Our study was the first to translate and test the HURT Questionnaire in clinical use in an Arab population. It showed that HURT in Arabic language and applied to a population of Arabic-speaking headache patients in primary care is a reliable instrument. The 4-6-week period between test and retest balanced potential recollection bias (retest being influenced by the patients’ possible recollections of his or her previous responses) against the likelihood of real change in the disease during the test-retest interval. Questions 1-4 showed moderate but significant correlations (ranging from 0.66 to 0.78). These are acceptable, and at levels expected for this type of instrument, for questions that require recall of symptoms and medication use over the preceding 1-3 months [17, 18]. For questions 5-7, excellent correlations were noted (ranging from 0.90 to 0.93) [17, 18]. This reflects the more opinion-based nature of these questions and their relationship to present time rather than being recall-dependent. Internal consistency (Cronbach’s alpha = 0.74) was also acceptable.
We have also shown that HURT, in Arabic, is responsive as an outcome measure. Although the clinical change between baseline and follow-up visits was not quantified (no “gold-standard” measure exists), it was probably real for two reasons. First, most change was toward improvement, which must be expected after 3 months of medical treatment. Second, patients in whom HURT questions 1-4 signalled improvement reported satisfaction (positive PSS scores), while those in whom HURT signalled worsening (or no improvement) reported dissatisfaction (negative PSS scores). The opposite direction of change in the responses to question 7 was unexpected, but it might, perhaps, be explained. This question addresses patients’ feelings about headache control in general, and may have been interpreted in different ways. Some patients may have understood it to be asking about a “cure” for their condition, rather than effective management or control. It may well be that (some) patients’ expectations were unduly high and consequently unmet, or, very possibly, that 3 months was not sufficient to engender a feeling of control.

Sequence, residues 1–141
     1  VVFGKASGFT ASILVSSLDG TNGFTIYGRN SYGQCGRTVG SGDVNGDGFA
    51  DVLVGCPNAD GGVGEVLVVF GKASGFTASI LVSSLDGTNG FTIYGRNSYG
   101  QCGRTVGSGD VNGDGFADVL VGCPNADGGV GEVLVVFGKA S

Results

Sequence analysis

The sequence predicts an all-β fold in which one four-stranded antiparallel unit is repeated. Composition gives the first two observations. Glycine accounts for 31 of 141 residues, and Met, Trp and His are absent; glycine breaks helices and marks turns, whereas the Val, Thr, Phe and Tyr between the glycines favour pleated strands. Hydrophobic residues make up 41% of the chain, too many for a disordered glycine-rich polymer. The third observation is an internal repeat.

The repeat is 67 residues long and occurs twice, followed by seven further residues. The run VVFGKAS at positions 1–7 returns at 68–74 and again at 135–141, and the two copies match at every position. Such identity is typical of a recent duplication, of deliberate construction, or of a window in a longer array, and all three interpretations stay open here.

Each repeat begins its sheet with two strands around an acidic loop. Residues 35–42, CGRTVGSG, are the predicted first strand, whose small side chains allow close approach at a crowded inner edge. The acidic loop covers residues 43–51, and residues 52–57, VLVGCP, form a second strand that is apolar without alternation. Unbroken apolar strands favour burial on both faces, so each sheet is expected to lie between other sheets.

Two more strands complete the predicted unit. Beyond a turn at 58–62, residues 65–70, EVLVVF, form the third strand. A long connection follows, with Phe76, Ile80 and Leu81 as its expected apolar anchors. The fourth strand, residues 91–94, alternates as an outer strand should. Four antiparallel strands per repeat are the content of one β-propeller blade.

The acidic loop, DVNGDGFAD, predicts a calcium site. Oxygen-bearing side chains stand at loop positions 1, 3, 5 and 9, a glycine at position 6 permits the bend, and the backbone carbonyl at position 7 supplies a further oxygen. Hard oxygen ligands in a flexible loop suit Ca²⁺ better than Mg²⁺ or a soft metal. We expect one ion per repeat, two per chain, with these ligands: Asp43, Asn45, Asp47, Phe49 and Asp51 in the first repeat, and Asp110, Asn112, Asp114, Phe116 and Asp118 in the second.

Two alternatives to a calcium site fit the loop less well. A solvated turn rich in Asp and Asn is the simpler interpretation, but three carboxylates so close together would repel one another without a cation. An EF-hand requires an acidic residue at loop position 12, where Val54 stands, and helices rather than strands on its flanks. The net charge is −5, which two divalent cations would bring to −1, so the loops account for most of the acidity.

Validation of an outcome measure against expressions of patients’ satisfaction is methodologically debatable. We chose this approach for two reasons. First, there is no other outcome measure validated for Saudi Arabian culture. This was decisive on its own, but, second, patients’ satisfaction is of itself an important aspect of outcome. The drawback is that patients’ satisfaction has many determinants. It would be out-of-place here to discuss the large literature on this (none of it related to a Saudi population). However, while change in the disease itself is of course among these determinants, so, and importantly, is change in the way patients cope with and perceive their disease. The latter is highly subject to prior expectation, which may or may not be reasonable (either too high or too low). Nevertheless, the clear correlation, in the expected direction, between patients’ satisfaction and change as quantified by HURT strongly suggests that HURT detected and measured real change.
Whether change was due solely to standard care or improvement was enhanced by PCPs’ use of HURT is not absolutely clear: we found only a strong trend (P = 0.06) towards greater satisfaction in patients in the intervention (HURT) group compared with those in the control (standard care) group. Although the PSS was locally developed and itself not previously validated, we believe we showed here that PSS scores were an indicator, generally, of good outcome. But, for the reasons given above, patients’ satisfaction may be neither sensitive nor specific enough to reflect any effect of an intervention of this sort. DSS scores showed no difference between groups. The DSS was also locally developed and unvalidated. Doctors’ satisfaction has different determinants: it is likely of course to be increased by improved outcomes, but it may also be decreased by use of an outcome measure that indicates outcomes could be better (as HURT is intended to do). To establish the clinical utility of HURT as a management aid needs further study, but the lack of a gold-standard outcome measure (a gap that HURT was designed to fill) remains as an impediment to such study.
The study had one other limitation. For practical reasons, we randomized physicians rather than patients. Although all physicians received similar training, outcome differences between groups could in part have reflected differences in practice. Any such influence was partially offset by switching the two control centres to intervention, applying HURT, during the last six months of the study. Although this introduced the possibility of a period effect, it was unlikely that this was large or significant, and anyway it was diluted. We do not believe the minor differences between control and intervention groups in gender and level of education (Table 5) would have had significant impact on the comparison.